Manitoba using proceeds of crime to fund community programs
WINNIPEG -- The province has announced it will be using nearly $160,000 from proceeds of crime to support community crime prevention programs.
On Friday, Manitoba Justice Minister Cliff Cullen announced the province will be using money from the Federal Proceeds of Crime Fund (FPOC) to help the community-based initiatives.
The FPOC fund uses forfeited proceeds of crime from the prosecution of federal offences in Manitoba.
"This is money that we are taking through illegal activity and we are re-investing it in community-based crime prevention programs to support public safety throughout the province," Cullen said during a telephone news conference in Brandon, Man.
Cullen said the Citizens on Patrol Program (COPP) will be receiving a $110,000 grant, which will be used to buy safety items, including high visibility vests. The crime prevention initiative has volunteers help deter crime by "serving as additional eyes and ears for their communities and local law enforcement," the province said.
"This is very welcome, much-needed news," said Detlef Hindemith, chairperson for Manitoba Citizens on Patrol Program. "This will allow the Manitoba Citizens on Patrol Program to continue to administer the program to all Manitoba groups."
Hindemith said the funding will allow COPP to support communities who want to have this program in place through supplying vital patrol equipment, training resources, and community crime prevention signage.
"Crime prevention is absolutely a police-community partnership, and working together we can help reduce crime by watching and becoming more proactive in reporting suspicious activities within the community," Hindemith said.
Hindemith said there are 55 COPP groups, with more than 500 members, though there has been 'tremendous' interest to form new COPP groups in communities in southern Manitoba, as well as in Winnipeg.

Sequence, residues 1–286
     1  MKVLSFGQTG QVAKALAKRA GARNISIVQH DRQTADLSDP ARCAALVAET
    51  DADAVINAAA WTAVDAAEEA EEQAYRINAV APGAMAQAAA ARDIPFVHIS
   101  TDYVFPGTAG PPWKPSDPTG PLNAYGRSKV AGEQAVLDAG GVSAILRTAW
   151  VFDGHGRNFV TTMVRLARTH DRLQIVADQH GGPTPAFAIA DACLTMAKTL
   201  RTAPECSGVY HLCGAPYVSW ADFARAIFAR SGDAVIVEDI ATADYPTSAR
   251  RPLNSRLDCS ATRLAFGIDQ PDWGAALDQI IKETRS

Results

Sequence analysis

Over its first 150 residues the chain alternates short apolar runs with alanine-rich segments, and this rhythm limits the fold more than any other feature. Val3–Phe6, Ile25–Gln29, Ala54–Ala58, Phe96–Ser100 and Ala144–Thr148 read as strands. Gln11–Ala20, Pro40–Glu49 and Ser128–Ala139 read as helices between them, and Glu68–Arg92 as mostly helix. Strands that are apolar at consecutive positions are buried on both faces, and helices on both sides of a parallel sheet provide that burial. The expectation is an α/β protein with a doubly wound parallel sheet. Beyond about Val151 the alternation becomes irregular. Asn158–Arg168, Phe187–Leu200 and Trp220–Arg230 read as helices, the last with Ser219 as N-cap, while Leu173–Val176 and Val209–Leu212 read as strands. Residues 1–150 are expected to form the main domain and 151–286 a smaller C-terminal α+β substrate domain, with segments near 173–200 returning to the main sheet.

Crime Stoppers will also be receiving money from the province.
The province said Winnipeg Crime Stoppers will be receiving $25,000 and Brandon Crime Stoppers will receive $11,000, which will be used for youth programming, advertising, and incentives for tipsters.
The remaining $12,000 will go towards Manitoba Crime Stoppers.
"It's a joint effort. It wouldn't be possible without the support of the province,” said Rick Thomson, chair of the Brandon Crime Stoppers.
Thomson said the funding will allow for Brandon Crime Stoppers to be more visible in the community and to provide information to various school programs.
"Crime Stoppers pays cash rewards for information that leads to the solution of crimes and is a combined effort with police, media and the public," Cullen said. "This funding will help support and ensure they have the tools they need to help public safety initiatives across the province."
The province said in addition to the FPOC fund, Manitoba has the Criminal Property Forfeiture Fund, which compensates victims, provides funding to the Victims' Assistance Fund, and invests in specialized equipment, training and community initiatives for law enforcement agencies.
The province said since 2011, it has distributed $16 million through the Criminal Property Forfeiture Fund, which includes the FPOC fund.